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Hard work but totally worth it: 6 successful French property renovations

Hard work but totally worth it: 6 successful French property renovations
(Photo: Milivoj Kuhar / Unsplash)

It's physically exhausting, expensive and complicated - but readers of The Local say that renovating a French property is all worth it in the end.


Renovating a property in France is not for the faint-hearted, and it’s all-too easy to get bogged down in frustrating bureaucracy. 

But if you get it right, it's a great way to get a bargain property and adapt it to your needs and tastes.

We spoke to readers who had successfully renovated a French property, and if you're in the middle of a project, you might find their responses quite cheering

“We made mistakes about the paperwork attached to renovating in France and rules and regulations are quite onerous especially if your French isn’t fluent,” said Peter McNulty.  

The family lived for two years in a caravan, after buying two old stone barns near Cahuzac-sur-Vère, Tarn, 18 years ago. Overall, they spent 10 years transforming the buildings into two small houses for a total cost of €90,000 - including the cost of a small swimming pool.

But, he said: “It was a lot of fun doing it and we would certainly recommend it to anyone who is not afraid of hard work and is prepared to try anything. It is not rocket science!”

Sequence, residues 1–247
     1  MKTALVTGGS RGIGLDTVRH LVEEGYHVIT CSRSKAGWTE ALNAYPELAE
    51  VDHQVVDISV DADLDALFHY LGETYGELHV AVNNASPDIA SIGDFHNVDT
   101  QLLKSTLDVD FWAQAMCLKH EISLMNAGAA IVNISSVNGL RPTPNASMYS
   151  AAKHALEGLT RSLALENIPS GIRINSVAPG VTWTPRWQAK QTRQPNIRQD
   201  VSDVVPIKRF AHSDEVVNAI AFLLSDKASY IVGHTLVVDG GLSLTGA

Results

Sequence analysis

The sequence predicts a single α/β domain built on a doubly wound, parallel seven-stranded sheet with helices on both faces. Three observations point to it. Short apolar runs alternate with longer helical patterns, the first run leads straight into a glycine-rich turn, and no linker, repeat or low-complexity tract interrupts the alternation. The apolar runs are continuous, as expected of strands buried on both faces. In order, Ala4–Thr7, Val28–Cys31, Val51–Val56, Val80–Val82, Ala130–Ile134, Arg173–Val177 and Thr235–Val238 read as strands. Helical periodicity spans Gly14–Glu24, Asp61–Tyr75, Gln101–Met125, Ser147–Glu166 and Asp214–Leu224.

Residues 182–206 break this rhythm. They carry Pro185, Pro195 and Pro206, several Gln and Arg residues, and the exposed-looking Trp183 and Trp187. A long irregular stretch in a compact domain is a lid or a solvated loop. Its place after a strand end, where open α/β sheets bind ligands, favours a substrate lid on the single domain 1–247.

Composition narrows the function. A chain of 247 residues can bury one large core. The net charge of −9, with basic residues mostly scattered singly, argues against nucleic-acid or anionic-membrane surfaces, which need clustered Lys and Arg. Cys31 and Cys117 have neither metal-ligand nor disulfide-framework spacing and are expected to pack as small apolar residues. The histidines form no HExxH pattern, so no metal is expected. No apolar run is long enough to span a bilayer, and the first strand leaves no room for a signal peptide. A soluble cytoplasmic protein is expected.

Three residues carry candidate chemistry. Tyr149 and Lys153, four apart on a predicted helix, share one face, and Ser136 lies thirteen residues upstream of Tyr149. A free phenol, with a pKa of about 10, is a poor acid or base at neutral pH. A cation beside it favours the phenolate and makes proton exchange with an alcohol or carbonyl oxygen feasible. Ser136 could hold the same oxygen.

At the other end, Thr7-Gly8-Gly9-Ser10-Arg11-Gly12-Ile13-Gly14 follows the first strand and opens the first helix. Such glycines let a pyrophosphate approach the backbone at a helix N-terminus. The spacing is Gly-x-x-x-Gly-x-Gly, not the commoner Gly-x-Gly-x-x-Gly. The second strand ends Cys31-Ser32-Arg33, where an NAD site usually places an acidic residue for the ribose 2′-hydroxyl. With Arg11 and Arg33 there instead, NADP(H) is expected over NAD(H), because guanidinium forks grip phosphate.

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Mick Tranter agreed - even after what he described as “18 years of continual (incredibly) hard work so far and we are not finished yet” on their “old, huge stone building” in Dordogne.

He said: “We have lived a life we could never have imagined and learned a huge variety of new skills but could never have anticipated the effort (both physical and emotional), costs and complications involved in what has been a daunting task. 


“Renovation gives you an enormous sense of satisfaction and creates a home which suits your personal tastes.”

He added: “We would not have missed the experience for the world, but being 20 years older we would never attempt anything on the same scale again. 

“Anybody thinking of renovating [needs] to be realistic about what they expect to achieve at the end of the project, whether it will still meet their needs and what they are able to invest physically and financially as both will far exceed your expectations.